Scorecards - simple and effective.
Scorecards – simple and effective.

There’s a large array of charts and table styles to choose from, so play around and find the visualisations that best suit what you’re looking for. 

Date Ranges

There’s a fair amount to play around with when it comes to date ranges in Data Studio as well. You can set an overall date range for your dashboard by adding a date picker element to the report:

Ooh look, the button looks just like a calendar.

This will then give you a range of options to choose from as the default date range for your picker. In view mode, users interacting with the dashboard will be able to change this to their heart’s content, and once they’re done it will revert back to whichever range you decide to set as your default. This is different to individual charts for which you have selected a custom date, as those cannot be altered by viewers. If you want to select individual date ranges on a graph/chart-ly basis, this can be done in the chart data settings under ‘default date range’ and changing from Auto to Custom.

You can select from a variety of both static and rolling date ranges; for example if you wanted to summarise for Jan-Dec 2019 this could be set as a static range, or if you were more keen to use the dashboard to track recent performance you could set it to a rolling date range of ‘last 3 months’. This then gives you the option to either include or exclude the current day, and updates on a rolling basis.

If you’ve got a multi-page dashboard you can maintain this same date picker over all pages by right clicking and selecting ‘Make report level, as you can with any other element. This will keep the same date range over all elements in your report’s pages – excluding any charts with custom date ranges.

As I’ve touched on in the previous section – you can also show date comparisons with an individual chart or scorecard, e.g. if you wanted to show month-on-month change or compare year-on-year performance on a monthly basis. When setting this you should see a drop-down list with a subheading ‘comparison date range’, that will be defaulted to “None” – but clicking it will open a calendar for you to choose specific dates or a rolling range to compare with the main data. A common rolling range would be ‘compare to previous period’, which will automatically update the comparison range if you were to alter the date range of your main data.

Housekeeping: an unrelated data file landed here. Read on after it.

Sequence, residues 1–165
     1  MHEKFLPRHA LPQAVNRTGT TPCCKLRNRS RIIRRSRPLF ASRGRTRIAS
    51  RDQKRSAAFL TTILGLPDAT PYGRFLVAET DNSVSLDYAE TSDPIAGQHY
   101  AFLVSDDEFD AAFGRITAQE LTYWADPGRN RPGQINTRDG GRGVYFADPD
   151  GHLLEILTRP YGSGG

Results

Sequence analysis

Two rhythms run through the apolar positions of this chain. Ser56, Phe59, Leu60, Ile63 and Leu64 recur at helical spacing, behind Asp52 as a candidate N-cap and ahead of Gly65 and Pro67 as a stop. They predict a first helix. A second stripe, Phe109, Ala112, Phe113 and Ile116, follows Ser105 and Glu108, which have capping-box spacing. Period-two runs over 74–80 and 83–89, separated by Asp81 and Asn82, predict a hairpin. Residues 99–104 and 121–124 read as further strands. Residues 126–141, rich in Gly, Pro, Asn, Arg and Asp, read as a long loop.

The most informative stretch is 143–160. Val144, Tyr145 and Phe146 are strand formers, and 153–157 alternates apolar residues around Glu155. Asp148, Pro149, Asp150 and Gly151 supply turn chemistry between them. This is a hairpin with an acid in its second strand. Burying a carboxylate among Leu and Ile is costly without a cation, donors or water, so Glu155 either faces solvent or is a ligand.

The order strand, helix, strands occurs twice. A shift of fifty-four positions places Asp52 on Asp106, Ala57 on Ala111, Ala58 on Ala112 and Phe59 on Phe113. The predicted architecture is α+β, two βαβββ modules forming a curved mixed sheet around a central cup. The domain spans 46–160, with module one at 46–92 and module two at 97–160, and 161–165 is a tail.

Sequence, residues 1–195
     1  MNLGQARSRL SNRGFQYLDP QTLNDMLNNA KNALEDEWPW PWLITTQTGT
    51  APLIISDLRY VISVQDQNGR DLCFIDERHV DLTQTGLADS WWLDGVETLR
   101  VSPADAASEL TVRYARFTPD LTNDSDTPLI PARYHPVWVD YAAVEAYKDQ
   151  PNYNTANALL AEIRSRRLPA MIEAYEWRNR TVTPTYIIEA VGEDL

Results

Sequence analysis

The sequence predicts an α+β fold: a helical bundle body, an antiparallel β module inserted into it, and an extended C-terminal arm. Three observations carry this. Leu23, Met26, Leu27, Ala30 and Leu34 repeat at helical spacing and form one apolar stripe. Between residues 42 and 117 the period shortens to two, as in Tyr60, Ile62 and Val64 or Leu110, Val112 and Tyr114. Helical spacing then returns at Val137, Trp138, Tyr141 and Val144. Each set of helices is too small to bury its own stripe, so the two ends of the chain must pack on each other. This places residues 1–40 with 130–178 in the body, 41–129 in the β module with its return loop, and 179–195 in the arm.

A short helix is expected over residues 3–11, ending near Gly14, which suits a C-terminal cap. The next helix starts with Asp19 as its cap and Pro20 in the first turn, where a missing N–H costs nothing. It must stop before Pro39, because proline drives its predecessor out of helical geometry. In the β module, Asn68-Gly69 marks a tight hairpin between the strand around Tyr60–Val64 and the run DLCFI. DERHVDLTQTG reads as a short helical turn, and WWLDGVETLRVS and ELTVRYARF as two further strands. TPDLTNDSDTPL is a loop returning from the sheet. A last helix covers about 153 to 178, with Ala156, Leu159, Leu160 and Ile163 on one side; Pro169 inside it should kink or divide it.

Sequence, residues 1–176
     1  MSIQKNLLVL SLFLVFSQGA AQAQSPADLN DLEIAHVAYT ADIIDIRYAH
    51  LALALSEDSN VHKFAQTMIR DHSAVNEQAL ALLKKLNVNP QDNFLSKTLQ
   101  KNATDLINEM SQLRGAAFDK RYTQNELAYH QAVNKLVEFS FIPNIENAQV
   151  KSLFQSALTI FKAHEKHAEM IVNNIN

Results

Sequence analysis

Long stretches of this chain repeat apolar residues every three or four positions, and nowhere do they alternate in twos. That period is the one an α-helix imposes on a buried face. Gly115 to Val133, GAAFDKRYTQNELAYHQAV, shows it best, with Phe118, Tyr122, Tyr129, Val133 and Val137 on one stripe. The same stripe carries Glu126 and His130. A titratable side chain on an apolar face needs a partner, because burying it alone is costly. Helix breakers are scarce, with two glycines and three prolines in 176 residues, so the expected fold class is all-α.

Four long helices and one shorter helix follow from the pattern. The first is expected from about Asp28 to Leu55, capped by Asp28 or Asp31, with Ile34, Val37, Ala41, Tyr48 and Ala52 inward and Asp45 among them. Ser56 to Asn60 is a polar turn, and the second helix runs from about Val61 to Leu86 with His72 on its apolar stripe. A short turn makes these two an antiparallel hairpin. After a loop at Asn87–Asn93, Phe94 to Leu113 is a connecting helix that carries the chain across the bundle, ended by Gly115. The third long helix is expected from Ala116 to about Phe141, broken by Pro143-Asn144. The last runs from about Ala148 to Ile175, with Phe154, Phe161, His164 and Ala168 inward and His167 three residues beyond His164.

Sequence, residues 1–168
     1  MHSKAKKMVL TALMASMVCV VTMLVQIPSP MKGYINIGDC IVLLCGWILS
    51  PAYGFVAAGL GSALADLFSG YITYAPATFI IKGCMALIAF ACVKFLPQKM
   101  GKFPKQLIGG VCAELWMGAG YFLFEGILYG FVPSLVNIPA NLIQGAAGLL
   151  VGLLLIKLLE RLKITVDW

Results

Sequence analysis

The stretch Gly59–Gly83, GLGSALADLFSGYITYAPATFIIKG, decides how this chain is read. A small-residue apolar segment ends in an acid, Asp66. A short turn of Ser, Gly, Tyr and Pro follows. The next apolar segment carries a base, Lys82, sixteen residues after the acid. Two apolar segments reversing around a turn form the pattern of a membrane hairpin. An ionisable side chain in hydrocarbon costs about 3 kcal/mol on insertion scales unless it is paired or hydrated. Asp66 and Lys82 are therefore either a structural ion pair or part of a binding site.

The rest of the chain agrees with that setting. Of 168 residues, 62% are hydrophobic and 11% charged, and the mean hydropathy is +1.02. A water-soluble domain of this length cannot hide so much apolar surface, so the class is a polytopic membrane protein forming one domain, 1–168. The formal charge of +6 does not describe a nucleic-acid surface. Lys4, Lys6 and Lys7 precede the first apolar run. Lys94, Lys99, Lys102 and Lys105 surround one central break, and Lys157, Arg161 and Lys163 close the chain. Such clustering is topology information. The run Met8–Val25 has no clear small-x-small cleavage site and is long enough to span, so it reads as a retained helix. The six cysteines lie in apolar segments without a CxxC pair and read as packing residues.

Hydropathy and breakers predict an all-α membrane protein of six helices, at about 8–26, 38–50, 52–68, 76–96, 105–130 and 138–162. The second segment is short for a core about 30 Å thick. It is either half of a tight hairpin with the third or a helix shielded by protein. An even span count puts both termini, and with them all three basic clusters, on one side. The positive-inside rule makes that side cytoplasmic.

What a rollercoaster of a three months.


Above you can see a nice bar graph in which transactions for the first three months of 2020 have been shown with a comparison date range set as ‘previous year’, to look at performance in comparison to the same three months in 2019. Examples of this comparison in action for scorecards are shown in the dashboard below, where all eight of the top line data scorecards have been set with ‘previous period’ as a comparison range – and so you are able to see how performance has changed month-on-month for each of these individual metrics.

Constructing the Dashboard

A Bind Media dashboard example.
All your most important data, neatly packaged in a tidy-looking dashboard.

There is a huge number of metric and dimension combinations that you can visualise within Data Studio, so one of the most important parts of building your dashboard is identifying which are going to be the most useful to your business. It’s all well and good knowing the bounce rate by hour of day, but if it doesn’t add any particularly relevant insight or help with strategy in any way then it’s probably best to leave it out. 

Most templates and examples you’ll find have a summary page that starts with a row of main KPIs at the top, and a deeper dive into specifics over time etc. later on – this is a good baseline to start your dashboard with.

Data Studio allows you to have multiple pages within your Dashboard, so you can split out your data by category and spread them across pages; this works especially well if you are managing multiple domains/franchises and want to see custom-specific dashboards for each of them.

Shia is clapping because he appreciates the functionality of Google Data Studio
Good job, Data Studio.

Getting Serious – Filters, Custom Metrics, and Google Sheets

With the basics done, you might be wondering how to dive a bit deeper into your data.

One of the ways to do this is through filters and segmentation. Data Studio allows you to import custom Analytics segments straight in and use them on a chart-by-chart basis, in addition to a selection of default segments. Filters can be created within the Data Studio interface and can be used to include or exclude data based on specific rules:

Let’s get our filter on.